The New Patriotic Party has definitely taken a bold step forward. For several months last year, they were singing “we are moving forward”. They were knocked off their tracks at the polls in December, but over the weekend they got themselves back on track and took major steps into the future. Those steps should help a great deal in deepening the democratic culture in Ghana and for that, they deserve a tonne of congratulations.
The constitutional amendments approved by NPP delegates at their special congress in Accra are very forward-looking and should pave the way for the various political parties to devolve power to the grassroots.
By voting so massively for the constitutional amendments, the NPP delegates delivered a rebuff to former President John Kufuor who quite unwisely opposed the changes, insisting that the party’s constitution needed no revision. His opposition to the amendments was yet another manifestation of how eight years as Chief Executive of the country have thrown Kufuor completely out of touch with the people – even his own people.
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In rebuffing Kufuor, the delegates approved all the proposed amendments – except one. The party’s leadership in Parliament had tabled this proposal to insulate them and help them contest unopposed for re-election.
In a speech at the start of the conference, the party’s leader in Parliament, minority leader, Osei-Kyei Mensah-Bonsu delivered a rousing speech urging the delegates to vote for the amendments. He dwelled at length on the need for the party to retain its best brains in Parliament – apparently hoping to be spared the fate of predecessor, Abraham Osei-Aidoo, who lost his parliamentary seat after losing the constituency primaries last year. Mensah-Bonsu spoke of “all manner of men and women” showing up at the end of each legislative term to challenge sitting MPs, trying to “reap what they have not sown”.
Clearly, he must be disappointed that the one proposal the delegates voted against was the one that would have ensured that he kept running for parliament on the NPP’s ticket unopposed – year in, year out.
“There should not be any winners,” he said in his speech. “And there should not be any losers.”
But he should count himself among the losers of the day – along with the likes of Kufuor. Kufuor opposed – among more than 40 others – the proposal to enlarge the body of electors that will choose the party’s presidential candidates for future elections. This means the days of a few thousand easily corruptible ‘executives’ and big shots electing the person who leads the party into electoral battle are well and truly over. That decision will now be made by more than one hundred thousand individuals from every polling station in the country – including some of the lowliest of party faithful.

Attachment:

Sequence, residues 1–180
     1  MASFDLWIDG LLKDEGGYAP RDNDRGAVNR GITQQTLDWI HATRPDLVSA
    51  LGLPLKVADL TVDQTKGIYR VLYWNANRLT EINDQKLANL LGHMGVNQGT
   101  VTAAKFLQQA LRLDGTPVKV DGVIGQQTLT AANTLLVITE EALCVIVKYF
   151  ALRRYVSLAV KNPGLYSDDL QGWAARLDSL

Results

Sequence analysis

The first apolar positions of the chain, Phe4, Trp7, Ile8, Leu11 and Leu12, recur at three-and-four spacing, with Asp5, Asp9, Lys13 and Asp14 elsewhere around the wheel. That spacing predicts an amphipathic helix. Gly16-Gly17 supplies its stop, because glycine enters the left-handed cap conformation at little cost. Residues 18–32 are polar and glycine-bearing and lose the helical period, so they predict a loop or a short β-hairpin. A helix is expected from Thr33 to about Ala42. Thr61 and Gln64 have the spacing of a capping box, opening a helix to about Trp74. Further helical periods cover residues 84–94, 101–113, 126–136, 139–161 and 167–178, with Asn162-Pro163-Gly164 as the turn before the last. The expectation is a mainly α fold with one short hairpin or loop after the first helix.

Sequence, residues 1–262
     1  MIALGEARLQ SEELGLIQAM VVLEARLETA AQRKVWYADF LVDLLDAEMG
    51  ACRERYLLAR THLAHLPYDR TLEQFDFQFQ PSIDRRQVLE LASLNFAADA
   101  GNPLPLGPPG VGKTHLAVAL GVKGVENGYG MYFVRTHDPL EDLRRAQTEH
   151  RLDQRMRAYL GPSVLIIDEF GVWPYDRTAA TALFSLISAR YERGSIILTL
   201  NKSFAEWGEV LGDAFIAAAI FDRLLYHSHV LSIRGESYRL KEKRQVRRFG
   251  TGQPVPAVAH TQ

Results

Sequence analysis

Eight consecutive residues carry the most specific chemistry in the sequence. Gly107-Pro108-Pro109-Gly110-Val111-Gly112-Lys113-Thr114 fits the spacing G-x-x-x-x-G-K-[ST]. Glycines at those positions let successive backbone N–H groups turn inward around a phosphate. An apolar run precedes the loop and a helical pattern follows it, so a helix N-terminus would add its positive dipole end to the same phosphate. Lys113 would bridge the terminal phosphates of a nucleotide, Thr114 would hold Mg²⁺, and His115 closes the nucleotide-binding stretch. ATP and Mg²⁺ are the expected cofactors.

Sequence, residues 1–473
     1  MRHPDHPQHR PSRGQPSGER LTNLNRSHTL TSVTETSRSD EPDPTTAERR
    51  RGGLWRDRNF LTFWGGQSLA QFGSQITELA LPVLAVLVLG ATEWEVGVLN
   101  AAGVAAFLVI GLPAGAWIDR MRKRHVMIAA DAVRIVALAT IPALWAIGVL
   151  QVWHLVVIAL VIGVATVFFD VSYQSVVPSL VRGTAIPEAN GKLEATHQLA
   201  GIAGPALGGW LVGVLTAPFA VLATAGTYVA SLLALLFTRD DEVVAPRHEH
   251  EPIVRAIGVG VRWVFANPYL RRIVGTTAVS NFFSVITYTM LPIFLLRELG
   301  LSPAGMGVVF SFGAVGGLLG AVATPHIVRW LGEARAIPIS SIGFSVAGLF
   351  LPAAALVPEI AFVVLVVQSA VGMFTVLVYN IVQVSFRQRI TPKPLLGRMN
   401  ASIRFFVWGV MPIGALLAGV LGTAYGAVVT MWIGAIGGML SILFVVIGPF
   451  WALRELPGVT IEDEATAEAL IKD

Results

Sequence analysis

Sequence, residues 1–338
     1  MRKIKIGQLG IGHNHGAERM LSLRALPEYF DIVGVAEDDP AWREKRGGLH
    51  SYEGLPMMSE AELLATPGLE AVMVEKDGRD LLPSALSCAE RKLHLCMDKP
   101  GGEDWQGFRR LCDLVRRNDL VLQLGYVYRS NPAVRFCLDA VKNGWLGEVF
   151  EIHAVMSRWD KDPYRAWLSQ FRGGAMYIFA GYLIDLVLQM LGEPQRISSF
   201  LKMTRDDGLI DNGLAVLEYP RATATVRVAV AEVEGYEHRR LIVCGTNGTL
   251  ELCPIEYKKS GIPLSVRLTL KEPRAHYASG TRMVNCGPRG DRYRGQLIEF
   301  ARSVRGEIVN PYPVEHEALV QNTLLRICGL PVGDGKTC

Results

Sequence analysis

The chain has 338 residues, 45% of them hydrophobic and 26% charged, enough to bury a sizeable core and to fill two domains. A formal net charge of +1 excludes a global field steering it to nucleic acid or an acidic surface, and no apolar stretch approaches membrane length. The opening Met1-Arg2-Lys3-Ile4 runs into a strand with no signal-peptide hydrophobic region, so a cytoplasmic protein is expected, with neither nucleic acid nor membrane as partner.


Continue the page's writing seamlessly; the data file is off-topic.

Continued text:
Ahead of the congress, it had been argued that such an arrangement will weaken the party’s central leadership. But as Osei-Kyei Mensah-Bonsu eloquently said, it would rather foster “a sense of belongingness… a sense of ownership” of the party at the grassroots. The NPP foot soldiers who were so restive in the last days of the Kufuor administration, crying that they had been abandoned, should be happy with the new provision in the party’s constitution.
The provision to enlarge the NPP’s electoral college marks a very big step forward, not just for the NPP but for democracy in Ghana. More power is being vested in the people and that’s what democracy is all about. The new provision doesn’t go as far as it could have gone, but it’s an important first step that should eventually lead to every card-bearing member of the party having a say in every major decision of the party – such as the election of executives and those who run for political office on its ticket.
Over the past eight years, the NPP delighted in doing some pretty nasty things that most Ghanaians would rather forget. But the small, first steps the party took at the Trade Fair Site in Accra (amidst sporadic scenes of violence, which should be condemned) are good examples for the other political parties to follow. Opening up the arena of decision-making to people at the grassroots is not as bad as Kufuor and his out-of-touch ilk think – it’s rather a very good thing. Hopefully, the NDC will not wait to be kicked out of power before it takes similar measures – to hand ownership of the party over to the people at the grassroots.
It’s not going to be easy. Organising elections at the polling station level to elect presidential candidates will be an expensive endeavour for any party. But democracy – power of the people, for the people, by the people – is not cheap. If good money needs to be spent to get as many people as possible participating in party decision-making, so be it.